He noted that the Space Force seeks to closely coordinate with intelligence sector partners to explore the use of tactical satellite imaging and that his office has started efforts to assess potential design concepts for satellite-based beyond-line-of-sight targeting.

“I do think as technology has allowed for smaller satellites to be more operationally relevant and you can do so at a price point that is cheaper, that there is a role for operational level tactical satellites as you described and that the Space Force would have a role in that,” noted Raymond.

In April 2021, the Space Force unveiled the organizational framework for its new Space Systems Command, which will identify, prototype and deploy space-based platforms to expedite the delivery of space capabilities to meet the requirements of the National Defense Strategy.

“Space Systems Command’s organizational structure was purpose-built to anticipate and be responsive to the challenges presented by a contested space domain,” Raymond said.

The following month, the Space Force issued its vision document detailing its aim to become the world’s first fully digital service. Raymond said then that digitalization is key to the service branch because missile warning, position, navigation and timing, domain awareness and all other mission areas rely on data and analysis.

“This is a really important document for our service,” he said during a media call. “The establishment of the U.S. Space Force gives us a generational opportunity to create a service that is purpose built for a very unique operating environment. And when you think about our strategic competitors and the threats that we currently face, becoming a digital service is much more than an opportunity ― it’s a necessity.”

In September, Raymond announced that the Space Force will be responsible for U.S. Army and U.S. Navy satellite communications missions, funding and billets.

“The intent was to consolidate (and) increase our operational capability; increase our readiness and do so in a more efficient manner,” he said of the move.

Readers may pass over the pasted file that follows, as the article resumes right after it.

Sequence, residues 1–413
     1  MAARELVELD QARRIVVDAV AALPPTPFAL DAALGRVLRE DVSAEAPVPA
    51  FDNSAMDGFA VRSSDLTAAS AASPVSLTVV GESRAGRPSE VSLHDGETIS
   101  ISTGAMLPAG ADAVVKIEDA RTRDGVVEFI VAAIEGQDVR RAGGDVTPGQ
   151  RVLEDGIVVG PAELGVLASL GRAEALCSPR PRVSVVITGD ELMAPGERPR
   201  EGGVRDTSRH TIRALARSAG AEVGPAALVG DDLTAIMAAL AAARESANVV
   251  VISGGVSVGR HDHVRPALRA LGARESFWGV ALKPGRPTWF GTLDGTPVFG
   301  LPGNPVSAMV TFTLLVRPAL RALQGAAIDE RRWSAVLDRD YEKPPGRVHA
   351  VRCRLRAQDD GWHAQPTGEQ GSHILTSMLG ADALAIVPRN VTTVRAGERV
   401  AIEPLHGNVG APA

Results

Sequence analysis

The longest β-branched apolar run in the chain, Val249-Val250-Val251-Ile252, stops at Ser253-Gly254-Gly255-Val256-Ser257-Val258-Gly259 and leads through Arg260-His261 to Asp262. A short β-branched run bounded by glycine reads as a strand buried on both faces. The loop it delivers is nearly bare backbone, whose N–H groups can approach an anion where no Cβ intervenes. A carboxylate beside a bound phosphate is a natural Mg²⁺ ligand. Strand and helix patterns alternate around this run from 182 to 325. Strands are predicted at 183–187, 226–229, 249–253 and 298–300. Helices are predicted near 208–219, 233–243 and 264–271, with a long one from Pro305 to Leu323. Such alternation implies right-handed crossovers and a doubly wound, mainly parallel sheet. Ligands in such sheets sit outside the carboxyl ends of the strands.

In November, the Space Force, Defense Innovation Unit and the Air Force Research Laboratory jointly released the 2021 State of the Space Industrial Base Report, which sought to inform the National Space Council, other government stakeholders and investors on space’s relevance to U.S. infrastructure, manufacturing, climate change, workforce and foreign policy.

The report included several recommendations for the government, including the creation of an inclusive cislunar economy, establishment of a space internet and development of a space superhighway for logistics.

“Our security and resilience in space is critical for our democracy-based world order in the future,” said Raymond. “The recommendations, if followed, have the power to unite and unleash the full innovation, technological and industrial capability of the U.S. and the benefit of all humanity.”

Executive Mosaic congratulates Gen. John Raymond and the Space Force on his 2022 Wash100 Award selection. Visit to vote for Gen. John Raymond and who you believe deserves the recognition as the most significant leader to the GovCon community and federal landscape.

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Written by Jane Edwards

is a staff writer at Executive Mosaic, where she writes for ExecutiveBiz about IT modernization, cybersecurity, space procurement and industry leaders’ perspectives on government technology trends.